Cooper says NC House budget 'shortchanging' the state

Monday, June 5, 2017
Gov. Roy Cooper blasted the NC GOP budget
Gov. Roy Cooper

RALEIGH, North Carolina (WTVD) -- Gov. Roy Cooper came out swinging Monday against Republican lawmakers working on a government budget, accusing them of "shortchanging" the state.

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Both the House and Senate passed two-year spending plans of at least $22.9 billion per year - roughly $500 million less than the Democratic governor's proposal.

"(Republicans) are shortchanging the people of this state," Cooper asserted at a news conference. "They have to do better. They have the opportunity now and the resources are there. They just need to decide to do it."

RELATED: NC House unveils portions of state budget plan

Among the many provisions, the House tax proposal inside the budget would cost about $340 million to carry out over two years, with increases in the standard deduction and some tax breaks for businesses.

The Senate plan is even more ambitious, slashing taxes by up to $1 billion.

"Neither the House nor Senate budget keeps up with population growth and inflation," Cooper said. "What we have is a state growing by 110,000 people every year - equivalent to the City of High Point. We need to make sure we keep up with that growth."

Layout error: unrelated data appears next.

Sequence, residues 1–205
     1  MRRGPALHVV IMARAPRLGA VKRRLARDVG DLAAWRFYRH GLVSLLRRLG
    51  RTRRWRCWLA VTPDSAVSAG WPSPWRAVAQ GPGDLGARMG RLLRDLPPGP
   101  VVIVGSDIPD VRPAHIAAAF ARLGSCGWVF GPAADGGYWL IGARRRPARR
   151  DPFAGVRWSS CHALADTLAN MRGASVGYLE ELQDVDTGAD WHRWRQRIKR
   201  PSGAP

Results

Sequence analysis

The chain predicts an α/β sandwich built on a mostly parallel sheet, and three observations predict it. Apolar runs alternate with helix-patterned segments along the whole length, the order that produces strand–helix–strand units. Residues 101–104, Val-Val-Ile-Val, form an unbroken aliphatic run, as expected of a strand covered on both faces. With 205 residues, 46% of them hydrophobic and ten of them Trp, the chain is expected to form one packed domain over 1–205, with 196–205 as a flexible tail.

RELATED: Take a look at SB257 (.pdf)

The House budget proposal does provide raises of about $1,000 for all state employees, and separate money allocated for teachers and principal pay increase. The nearly 400-page document spells out spending plans for all government programs, including health, infrastructure, education, criminal justice and storm relief, among many others.

"More people will tell you they can spend the money a whole lot more wiser than government can spend it," Sen. Harry Brown (R-Jacksonville), the ranking member of the Appropriations Committee, told ABC11. "We're funding what we feel government needs at this point. We just try to manage that growth."

The two chambers ultimately will negotiate a final budget to present to Gov. Cooper. On Monday, the governor did not threaten to use his veto power on the budget once passed.